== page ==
3. When discussing how women were seen at the time, why is Cornwell citing a book written in the 1600s? And only that book?
4. No close ups of the paintings that show ripper themes which means I did not see what she was talking about.
5. Having the lab you fund do tests to prove your thesis doesn't look good. At least have an independent lab back up the findings.
6. Any criminal, according to this book, is a psychopath.
7. Presumes that the Ripper wrote all the Ripper letters.
8. How does she know her Ripper letter is the real, deal? (If just saying it makes it so, than anyone want to buy the lost Manet masterwork of a woodpecker I own?)
9. Somehow I doubt that Cornwell is the only Ripper expert who worked hard, despite what she implies.
10. Cornwell keeps saying she wouldn't do something, and then does it. She says she won't psycho analyze, and then there she goes.
11. How does she know about the penis of a dead and cremated man? (I really want to know the answer to that one).
12. If he wasn't a good actor (which is what Cornwell says), how could he be so good at disguises that no one recognized him until Cornwell did?
13. She does not rebutt fully the claim that Sickert had an alibi.
If you want to know how NOT to construct an argument, read this book. Otherwise, skip it....more
**spoiler alert** While the Xanth series has always thrived on puns, this book has too many puns. Sometimes the book feels like it is nothing but a li**spoiler alert** While the Xanth series has always thrived on puns, this book has too many puns. Sometimes the book feels like it is nothing but a list of puns with just tiny bit of plot thrown in. A central character seems absent for much of the book; she's there but too quiet. Compared to the earlier books in the series, it seems as if Anthony feels a little bored with Xanth. Really didn't like this one; surprising considering Night-Mare was my favorite in the series....more
**spoiler alert** I think this is suppose to be a child's book. I'm not sure because it reads like the book itself doesn't know what it wants to be. I**spoiler alert** I think this is suppose to be a child's book. I'm not sure because it reads like the book itself doesn't know what it wants to be. If it is a children's book than why does it have a rape in it? If it's an adult book (or even YA), than why is the writing childish? Is Woodall trying to sound like Adams and not just doing a good job? One problem with the book are everything is oversimplified. This wouldn't be a problem if it was a children's book, but that brings us back to the rape, which is a bird rape. It's not overly graphic, but considering the simplification and writing level, it seems out of place. I also find it hard to believe that any bird would give up eating bugs. Females characters are very flat and rely on the male characters too much. The excuse of "they're animals" doesn't work. Look at Watership Down and the female rabbits there; look at Horwood and his moles. Additionally, the motivations of several characters were too simple and not deep enough. ...more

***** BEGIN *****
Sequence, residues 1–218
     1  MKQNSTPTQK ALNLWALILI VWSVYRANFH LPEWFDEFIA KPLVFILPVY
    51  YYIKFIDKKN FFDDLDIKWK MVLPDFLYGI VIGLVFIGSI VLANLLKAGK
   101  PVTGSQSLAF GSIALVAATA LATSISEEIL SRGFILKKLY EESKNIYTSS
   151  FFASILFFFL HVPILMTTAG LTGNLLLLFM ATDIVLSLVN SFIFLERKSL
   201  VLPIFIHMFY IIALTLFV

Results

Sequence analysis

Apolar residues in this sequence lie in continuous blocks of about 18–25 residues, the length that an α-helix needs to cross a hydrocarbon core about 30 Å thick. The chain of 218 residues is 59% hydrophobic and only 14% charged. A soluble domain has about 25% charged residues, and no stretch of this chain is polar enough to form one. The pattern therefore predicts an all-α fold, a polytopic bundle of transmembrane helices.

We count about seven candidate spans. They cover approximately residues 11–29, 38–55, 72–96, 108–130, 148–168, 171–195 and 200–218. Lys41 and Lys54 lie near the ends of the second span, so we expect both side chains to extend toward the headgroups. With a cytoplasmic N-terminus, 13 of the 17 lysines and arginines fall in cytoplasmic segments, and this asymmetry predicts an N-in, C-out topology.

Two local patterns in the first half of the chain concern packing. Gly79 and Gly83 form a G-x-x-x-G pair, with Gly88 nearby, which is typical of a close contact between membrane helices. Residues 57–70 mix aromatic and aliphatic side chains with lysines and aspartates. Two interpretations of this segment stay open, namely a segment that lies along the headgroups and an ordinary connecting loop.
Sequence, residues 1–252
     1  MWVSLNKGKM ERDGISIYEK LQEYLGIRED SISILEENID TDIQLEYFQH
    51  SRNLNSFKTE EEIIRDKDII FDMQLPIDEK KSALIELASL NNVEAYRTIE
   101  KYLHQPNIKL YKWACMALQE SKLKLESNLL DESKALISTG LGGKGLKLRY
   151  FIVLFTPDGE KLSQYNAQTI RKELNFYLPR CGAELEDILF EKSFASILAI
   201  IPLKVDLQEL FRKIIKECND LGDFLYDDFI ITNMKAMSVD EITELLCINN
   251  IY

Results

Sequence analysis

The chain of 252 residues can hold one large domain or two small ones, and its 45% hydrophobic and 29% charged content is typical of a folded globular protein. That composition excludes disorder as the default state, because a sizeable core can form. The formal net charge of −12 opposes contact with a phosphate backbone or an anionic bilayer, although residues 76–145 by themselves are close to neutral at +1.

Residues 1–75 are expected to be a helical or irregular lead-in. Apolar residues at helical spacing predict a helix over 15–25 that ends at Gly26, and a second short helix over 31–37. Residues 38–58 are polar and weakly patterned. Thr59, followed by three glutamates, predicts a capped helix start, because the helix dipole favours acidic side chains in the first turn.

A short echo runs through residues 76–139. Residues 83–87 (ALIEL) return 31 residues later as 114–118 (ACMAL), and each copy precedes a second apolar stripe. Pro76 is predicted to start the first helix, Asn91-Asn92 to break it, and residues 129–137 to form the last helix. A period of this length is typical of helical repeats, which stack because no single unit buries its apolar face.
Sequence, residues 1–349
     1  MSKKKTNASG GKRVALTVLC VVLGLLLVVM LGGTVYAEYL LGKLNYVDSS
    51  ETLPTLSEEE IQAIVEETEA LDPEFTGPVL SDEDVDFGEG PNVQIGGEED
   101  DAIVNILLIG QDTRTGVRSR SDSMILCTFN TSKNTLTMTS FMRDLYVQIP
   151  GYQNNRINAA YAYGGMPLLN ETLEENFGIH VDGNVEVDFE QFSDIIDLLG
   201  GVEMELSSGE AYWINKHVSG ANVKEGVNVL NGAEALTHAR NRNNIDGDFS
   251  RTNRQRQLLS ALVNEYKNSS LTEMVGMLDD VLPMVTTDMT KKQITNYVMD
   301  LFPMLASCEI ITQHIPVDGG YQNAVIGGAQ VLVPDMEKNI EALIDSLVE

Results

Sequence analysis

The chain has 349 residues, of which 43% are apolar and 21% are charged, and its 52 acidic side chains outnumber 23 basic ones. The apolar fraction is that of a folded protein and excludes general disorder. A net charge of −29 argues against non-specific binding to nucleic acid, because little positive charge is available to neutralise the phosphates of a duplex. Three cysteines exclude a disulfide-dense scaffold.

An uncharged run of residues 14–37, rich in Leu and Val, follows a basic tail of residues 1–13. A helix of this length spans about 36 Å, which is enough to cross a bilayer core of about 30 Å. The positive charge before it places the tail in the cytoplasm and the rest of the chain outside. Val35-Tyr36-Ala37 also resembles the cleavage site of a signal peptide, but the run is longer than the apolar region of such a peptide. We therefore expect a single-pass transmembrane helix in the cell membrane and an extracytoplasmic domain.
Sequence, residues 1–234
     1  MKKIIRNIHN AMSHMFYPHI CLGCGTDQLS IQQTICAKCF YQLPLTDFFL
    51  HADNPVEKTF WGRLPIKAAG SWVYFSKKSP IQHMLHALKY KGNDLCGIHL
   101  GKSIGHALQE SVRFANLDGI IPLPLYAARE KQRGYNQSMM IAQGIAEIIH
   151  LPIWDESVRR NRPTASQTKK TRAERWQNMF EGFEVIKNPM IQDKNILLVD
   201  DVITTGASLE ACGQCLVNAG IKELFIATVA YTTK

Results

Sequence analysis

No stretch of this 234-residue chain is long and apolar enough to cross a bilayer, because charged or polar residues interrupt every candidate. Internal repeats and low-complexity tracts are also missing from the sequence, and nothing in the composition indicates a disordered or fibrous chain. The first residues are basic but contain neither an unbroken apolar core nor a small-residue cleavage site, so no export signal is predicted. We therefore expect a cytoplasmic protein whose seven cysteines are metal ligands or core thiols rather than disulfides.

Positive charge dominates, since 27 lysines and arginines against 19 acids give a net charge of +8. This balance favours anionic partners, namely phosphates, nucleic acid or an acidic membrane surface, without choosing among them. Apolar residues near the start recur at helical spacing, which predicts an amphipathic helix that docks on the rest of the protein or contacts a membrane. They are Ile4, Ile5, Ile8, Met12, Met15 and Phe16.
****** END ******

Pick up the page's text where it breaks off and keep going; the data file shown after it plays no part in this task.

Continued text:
Don't read this book if you really like the Brontes. If you want to know about thier private lives, go pick up a biography. This is book is just insulDon't read this book if you really like the Brontes. If you want to know about thier private lives, go pick up a biography. This is book is just insulting. If Charlotte Bronte were still alive, she would be sueing for defamnation....more
I couldn't finish this book. I understand it's Jenoff's first book, but there is far too much showing not telling. Emma's change of emotions is far toI couldn't finish this book. I understand it's Jenoff's first book, but there is far too much showing not telling. Emma's change of emotions is far too sudden. We're told that she starved in the Ghetto, but in terms of the book, it feels like she was only in the ghetto for five minutes. Even taking into account the difference in time (it helped that I had just read Defiance), she still feels so passive and "oh dear me" that it is hard to like her....more
I didn't really "read" this one, as I couldn't finish it. It seemed like a good book, I even read a few pages thoroughout before I brought the thing.I didn't really "read" this one, as I couldn't finish it. It seemed like a good book, I even read a few pages thoroughout before I brought the thing. I should have seen this coming, but the section I read was interesting. Next time, I start fromt the beginning.
The characters are flat, unengaging, and sound alike. Even the women sound like the men. There is no real clear to what some of the characters look like. The world is filled with large words, there is no clue how to pronounce them. It feels like there are six levels between the action of the book and reader, so the reader is totally unattached to anything. ...more